Core Strength

Coach Liz"Increase your core strength for better power, flexibility, and stability."

Liz Miller

Traditional resistance training builds overall strength. To compliment the large muscles of the body, you still need exercises that deliver core power, flexibility and stability. Physical therapists, fitness trainers, ballet dancers and Yoga instructors have known the power of core strength for years. More recently, recreational athletes have discovered its performance benefits for sports such as skiing, biking, water sports, and yes, inline skating.

Where are your core muscles? Stand up and exhale forcefully. You’ll feel your abdominal muscles pushing back against your spine to force the air out. Other muscles deep inside are engaged too, although you may not be aware of them yet.

The core strength workouts on this page will help you start to build strength and stability in the front, back and sides of your torso as well as deep within.



The Beginner core workout is done while lying on the floor, preferably a plush carpet. Here’s how to engage your core muscles while lying down. Exhale fully until you feel your navel pressing back toward your spine. Feel each vertebra pressing into the carpet. To make sure you keep your grip on the core muscles, place your hands on each side of your belly with pinky fingers over your hip bones and thumbs in contact with your lower ribs. Now inhale. If your thumbs rise, your lower ribs are tipping up. Exhale hard to reengage the core muscles and get your entire spine back down on the carpet.

Do the following moves at least three times a week.


Pilates (pronounced puh-la'-tease) is a conditioning method developed in the early 1900s by German-born Joseph Pilates, a pioneer of functional fitness. Pilates is used for training the body to perform its daily tasks with proper alignment, flexibility and strength. Each Pilates move is stabilized by the "powerhouse," where you engage the muscles of the abdominals, lower back, hips and buttocks from deep inside the body. Today, Pilates workouts range from coaching sessions on special machines to mat exercises anybody can do at home (my favorite).

Use the following three mat exercises as a warm up just before your resistance training sessions. Remember to engage your powerhouse before starting each move: a strong exhale (whisper “Hah!”) does exactly that. You will be most comfortable performing the moves on a firm but cushioned surface such as a Yoga mat on top of a low-pile carpet. At a gym, look for 1-inch-thick foam pads commonly available for stretching.

Side Circles, Lifts and Kicks

These exercises increase the strength, mobility and flexibility of your hip joints. Lie on your side and rest your head on your palm. Raise the top foot to hip height and hold your upper body and hips as still as possible. Perform each move just 5 times. Lie on the opposite side and repeat the series.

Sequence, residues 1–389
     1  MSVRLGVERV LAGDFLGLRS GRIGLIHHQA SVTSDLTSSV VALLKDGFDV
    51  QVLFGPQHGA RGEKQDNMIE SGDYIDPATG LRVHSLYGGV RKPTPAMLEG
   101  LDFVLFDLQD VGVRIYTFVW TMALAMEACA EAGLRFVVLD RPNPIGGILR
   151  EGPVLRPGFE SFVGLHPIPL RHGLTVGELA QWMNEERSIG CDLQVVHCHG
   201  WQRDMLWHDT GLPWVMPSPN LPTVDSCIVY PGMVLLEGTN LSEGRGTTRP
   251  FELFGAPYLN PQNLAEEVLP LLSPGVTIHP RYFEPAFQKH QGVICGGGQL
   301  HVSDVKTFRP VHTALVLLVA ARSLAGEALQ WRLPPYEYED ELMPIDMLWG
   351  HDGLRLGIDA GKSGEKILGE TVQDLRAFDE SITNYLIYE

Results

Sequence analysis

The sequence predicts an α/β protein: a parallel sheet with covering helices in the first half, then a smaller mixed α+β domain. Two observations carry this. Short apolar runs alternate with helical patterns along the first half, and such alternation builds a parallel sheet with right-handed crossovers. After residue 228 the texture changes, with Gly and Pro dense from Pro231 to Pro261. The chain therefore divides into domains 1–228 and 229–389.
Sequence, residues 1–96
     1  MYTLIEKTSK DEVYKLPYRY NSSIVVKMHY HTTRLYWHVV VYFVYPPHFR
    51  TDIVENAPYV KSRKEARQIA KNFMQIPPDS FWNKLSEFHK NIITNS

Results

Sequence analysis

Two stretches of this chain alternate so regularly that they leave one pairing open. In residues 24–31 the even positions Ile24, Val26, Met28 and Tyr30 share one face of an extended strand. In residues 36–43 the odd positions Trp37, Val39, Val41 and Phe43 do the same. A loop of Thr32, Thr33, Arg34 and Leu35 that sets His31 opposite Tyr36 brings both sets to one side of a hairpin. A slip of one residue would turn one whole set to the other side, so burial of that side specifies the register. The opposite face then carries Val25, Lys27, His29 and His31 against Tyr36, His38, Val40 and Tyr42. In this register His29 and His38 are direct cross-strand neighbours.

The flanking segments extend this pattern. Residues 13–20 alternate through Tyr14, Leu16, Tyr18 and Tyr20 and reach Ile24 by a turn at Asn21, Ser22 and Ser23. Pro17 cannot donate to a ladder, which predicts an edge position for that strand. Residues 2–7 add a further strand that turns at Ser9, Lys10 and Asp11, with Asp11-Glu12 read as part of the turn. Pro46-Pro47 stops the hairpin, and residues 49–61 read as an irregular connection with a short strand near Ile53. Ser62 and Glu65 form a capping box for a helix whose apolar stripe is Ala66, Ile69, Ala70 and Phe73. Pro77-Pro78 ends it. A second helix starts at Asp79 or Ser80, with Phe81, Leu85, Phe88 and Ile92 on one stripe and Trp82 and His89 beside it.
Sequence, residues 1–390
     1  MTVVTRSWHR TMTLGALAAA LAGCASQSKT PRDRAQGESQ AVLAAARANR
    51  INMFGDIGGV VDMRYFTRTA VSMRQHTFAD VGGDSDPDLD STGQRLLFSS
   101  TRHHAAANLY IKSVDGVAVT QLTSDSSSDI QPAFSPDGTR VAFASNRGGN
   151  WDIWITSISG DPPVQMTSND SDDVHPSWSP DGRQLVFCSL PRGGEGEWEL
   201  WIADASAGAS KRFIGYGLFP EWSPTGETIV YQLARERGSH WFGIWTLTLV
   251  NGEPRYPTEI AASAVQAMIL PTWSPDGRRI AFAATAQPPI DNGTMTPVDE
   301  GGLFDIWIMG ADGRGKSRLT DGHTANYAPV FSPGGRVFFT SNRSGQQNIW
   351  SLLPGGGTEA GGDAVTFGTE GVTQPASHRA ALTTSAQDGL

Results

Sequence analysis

Rolling Like a Ball

This abdominal strengthener does triple duty by also improving your balance and massaging your spine. Sit at the front of your mat and grasp your shins just below your knees. Engage your core, round your back and tuck your chin down. With an inhale, fall backward, knees close to chest. When your shoulder blades contact the mat, reverse directions and roll back to upright, but do not let your toes touch down. Instead, use balance and your abdominal muscles to pause at the top before the next backward roll. Repeat 5 times.

Torso Twist

This challenging upper body strengthener builds balance as well as core and shoulder stability while stretching your hips and waist. Avoid it if you have shoulder problems. Sit on one hip with knees slightly bent and the lower arm’s palm directly below your shoulder, fingers pointing out. In one movement, press up onto a straight arm, balancing on your hand and the sides of your feet with your legs and body straight and upper arm raised. This forms a T-shaped starting position (easy option: leave your bottom knee on the mat.)

With powerhouse engaged, bring the top arm down and through the space under your bottom arm, rotating your head and rib cage (but not hips) to follow. Return to your starting position and repeat the twist 5 times. Perform the same movements on your opposite side.

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A strong and stable torso helps you perform efficiently in both sport and everyday life. Unlike the muscle isolation of traditional weight lifting, a focus on functional fitness teaches your core muscles to work together as an integrated unit, and balances your strength gains across all of the involved muscles. To gain true core strength, you must spend equal time on your abdomen, sides, back and other areas deep in the trunk. When these are strong and working together, you have more spinal control during dynamic movements such as skating.

A great way to build core strenght is to do stability exercises on an unstable support, such as an exercise ball. The balance aspect added by the ball makes sure you are engaging the deeper core muscles. Insert these exercises after a 15-minute cardio warm-up.

For best results and back safety when working your core, compress your abdomen throughout each move (a forced exhalation will attain this state).

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